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ADR European necessities
be imagined, if such freedom is allowed there must be sateguards. These consist of an insurance scheme, guarantee scheme and an approval scheme.
The insurance scheme is operated by the International Road Transport Union (IRU), the European association of transport associations, who were the originators of the TIR scheme although it was signed under the aegis of the ECE. IRU is responsible for the issue of the carnets and it does this through the .national associations. In this country it is the Road Haulage Association and the Freight Transport Association who are the' issuing bodies. They operate the guarantee scheme by obtairling undertakings from hauliers wishing to use TIR carnets.
Approval scheme The approval scheme is operated by the Department of the Environment (formerly Ministry of Transport) through the Licensing Authofities for the various areas. They have to be satisfied that when a vehicle body is locked and sealed no goods can be removed from or put into the vehicle and there are no places where goods can be hidden and smuggled through frontiers. One alteration to the advantage of all users of the system is that containers can now be covered by the TIR scheme even though they do not complete the whole journey by road. Furthermore, most containers and certain vehicles can now be type-approved at the time of manufacture.
It is possible for heavy bulky loads of machinery, which are commonly known here as abnormal indivisible loads, to be moved under TIR carnets. They must conform to certain minimum requirements as to weight, height, width or length and there must be no places where goods can be hidden. If parts are included these must be readily identifiable and capable of being sealed so that they cannot be removed or exchanged. For such movements the carnet has to be endorsed in red ink in French with the words "Marchandises Pondereuses ou Volumineuses", in some ways a more descriptive phrase than ours. If vehicles or containers change hands approval is automatically cancelled and has to be obtained afresh. Even if still in the same ownership and alterations are made, or accident repairs carried out altering some detail, hauliers may well find the foreign customs refusing to accept their vehicles or carnets until fresh approval has been obtained.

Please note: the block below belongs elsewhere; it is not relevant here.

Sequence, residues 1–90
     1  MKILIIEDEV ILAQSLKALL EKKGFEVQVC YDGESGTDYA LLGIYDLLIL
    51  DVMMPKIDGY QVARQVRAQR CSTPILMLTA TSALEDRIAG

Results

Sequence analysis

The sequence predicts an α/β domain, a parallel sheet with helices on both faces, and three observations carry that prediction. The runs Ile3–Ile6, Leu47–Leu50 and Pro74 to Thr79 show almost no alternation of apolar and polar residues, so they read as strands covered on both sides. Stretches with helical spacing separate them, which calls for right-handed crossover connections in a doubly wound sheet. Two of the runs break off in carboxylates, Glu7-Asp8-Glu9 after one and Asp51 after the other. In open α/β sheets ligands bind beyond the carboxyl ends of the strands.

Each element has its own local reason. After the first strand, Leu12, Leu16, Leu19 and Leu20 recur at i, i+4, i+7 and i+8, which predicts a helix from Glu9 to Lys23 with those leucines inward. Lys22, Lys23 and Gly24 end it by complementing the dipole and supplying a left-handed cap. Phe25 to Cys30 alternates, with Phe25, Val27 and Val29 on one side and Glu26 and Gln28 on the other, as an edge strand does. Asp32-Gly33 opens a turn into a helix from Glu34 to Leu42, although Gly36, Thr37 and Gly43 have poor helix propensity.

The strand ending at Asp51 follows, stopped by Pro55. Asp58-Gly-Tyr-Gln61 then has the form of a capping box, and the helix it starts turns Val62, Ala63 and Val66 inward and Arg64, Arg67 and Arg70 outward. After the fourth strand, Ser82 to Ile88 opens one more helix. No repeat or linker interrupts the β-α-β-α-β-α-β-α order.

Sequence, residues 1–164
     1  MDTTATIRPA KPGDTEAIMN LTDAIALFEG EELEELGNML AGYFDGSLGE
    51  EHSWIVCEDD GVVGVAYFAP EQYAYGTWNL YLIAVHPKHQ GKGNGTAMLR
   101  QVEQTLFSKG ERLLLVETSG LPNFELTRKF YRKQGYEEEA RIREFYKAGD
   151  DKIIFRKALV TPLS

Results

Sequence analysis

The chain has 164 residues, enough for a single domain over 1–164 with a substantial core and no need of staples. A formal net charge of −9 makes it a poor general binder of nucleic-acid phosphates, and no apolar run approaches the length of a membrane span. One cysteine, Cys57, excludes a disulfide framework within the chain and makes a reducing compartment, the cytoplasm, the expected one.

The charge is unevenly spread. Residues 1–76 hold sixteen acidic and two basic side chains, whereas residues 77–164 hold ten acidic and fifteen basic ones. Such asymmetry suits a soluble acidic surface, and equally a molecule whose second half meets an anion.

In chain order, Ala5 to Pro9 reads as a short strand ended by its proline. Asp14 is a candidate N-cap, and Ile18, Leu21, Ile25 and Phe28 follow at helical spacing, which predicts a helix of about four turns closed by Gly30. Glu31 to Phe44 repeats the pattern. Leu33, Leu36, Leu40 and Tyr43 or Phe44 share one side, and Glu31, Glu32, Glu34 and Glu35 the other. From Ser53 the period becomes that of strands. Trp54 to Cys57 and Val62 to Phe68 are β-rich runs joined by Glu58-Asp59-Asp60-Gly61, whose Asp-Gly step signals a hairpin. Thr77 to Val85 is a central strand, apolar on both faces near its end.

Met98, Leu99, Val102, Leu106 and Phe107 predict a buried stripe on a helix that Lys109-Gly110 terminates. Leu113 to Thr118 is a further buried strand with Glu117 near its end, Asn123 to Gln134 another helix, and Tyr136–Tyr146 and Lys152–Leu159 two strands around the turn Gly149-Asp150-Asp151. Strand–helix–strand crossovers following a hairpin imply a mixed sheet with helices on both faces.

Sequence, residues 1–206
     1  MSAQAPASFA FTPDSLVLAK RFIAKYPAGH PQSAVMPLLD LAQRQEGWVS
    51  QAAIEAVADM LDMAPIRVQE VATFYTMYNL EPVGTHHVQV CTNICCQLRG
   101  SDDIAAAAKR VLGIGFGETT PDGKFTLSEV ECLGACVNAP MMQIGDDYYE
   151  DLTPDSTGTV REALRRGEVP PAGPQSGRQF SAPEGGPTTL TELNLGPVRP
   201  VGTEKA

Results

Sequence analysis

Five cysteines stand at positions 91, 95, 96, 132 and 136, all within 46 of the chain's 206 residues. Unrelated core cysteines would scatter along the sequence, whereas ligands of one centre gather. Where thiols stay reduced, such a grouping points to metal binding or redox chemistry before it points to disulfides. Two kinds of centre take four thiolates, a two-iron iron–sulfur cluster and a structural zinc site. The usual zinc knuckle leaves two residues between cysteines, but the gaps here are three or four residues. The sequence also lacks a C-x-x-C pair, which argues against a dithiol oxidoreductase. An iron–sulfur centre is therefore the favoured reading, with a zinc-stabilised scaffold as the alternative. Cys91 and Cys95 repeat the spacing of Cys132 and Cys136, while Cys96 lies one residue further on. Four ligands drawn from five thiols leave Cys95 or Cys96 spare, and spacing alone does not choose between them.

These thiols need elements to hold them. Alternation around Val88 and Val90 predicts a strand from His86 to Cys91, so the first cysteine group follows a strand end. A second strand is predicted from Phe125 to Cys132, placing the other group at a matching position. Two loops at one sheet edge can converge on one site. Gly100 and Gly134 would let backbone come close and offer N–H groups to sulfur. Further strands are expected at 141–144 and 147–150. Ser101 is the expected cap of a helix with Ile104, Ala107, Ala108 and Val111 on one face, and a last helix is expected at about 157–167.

Except in this country, which has always refused to accept spirits and tobacco on TIR carnets, there was at first no ban on the use of carnets for loads including tobacco but there was so much smuggling that at one time any tobacco carried had to be shown on a separate carnet. Now the rules have been changed again and tobacco not exceeding 10 per cent in value of the total load can be included on the same carnet.
The correct compilation and use of the carnets is of extreme importance, If only two countries are involved the 6-volet carnet is the right one but, for more than two, 14volet carnets are necessary. Any mistakes made in completing the forms must be clearly corrected and initialled, not rubbed out or overwritten. Before being returned to the issuing association they must be checked to see thaf they have been cleared by the final Customs office of destination and that this clearance has been given without reservation. If a reservation has been made the haulier must give an explanation when returning the carnet.
Carnets have a validity of two months from the date of issue. This date which is shown on the cover must not be altered and all carnets should be returned to the issuing association within seven days of that date whether they have been used or not. Failure to return the forms or the loss of carnets may easily result in a haulier being banned from the scheme. Even if only for a short The overall rate of increase may not be maintained as the six countries of the Community 'have drawn up their own system, "The Community Transit Scheme" which will take the 'place of the TIR scheme within their territory. They will have to use the TIR. scheme if they go outside.
In the same way that another scheme is being planned to enlarge the scope of CMR, the' working party of the Customs Co-operation Council has drafted a new convention to be called "International Customs Transit Convention" (ICT). It is aimed at reducing the paper work, speeding up the process and making easier the passage of goods in transit through frontiers. Again it will be several years before there can be an effective convention but it is a sign of the increasing awareness of governmental bodies of their responsibilities that the Customs should have initiated such a proposal.
ADR Convention The revised CMR consignment note contains a reference to ADR. This Convention is concerned with the movement of hazardous goods, ie highly inflammable or corrosive. Although signed in 1957 it has so far only been adopted by five out of the Six, plus the United Kingdom, Portugal and Yugoslavia. It was not ratified by sufficient countries to become effective until January 1968 and this Country did not ratify it until six months later. The Convention sets out the requirement in respect of packages, labelling and where necessary vehicle and tank construction. British hauliers will know from experience that the Board of Trade requirements for the shipment of vehicles carrying hazardous goods are in many cases more severe than those for carrying them by road.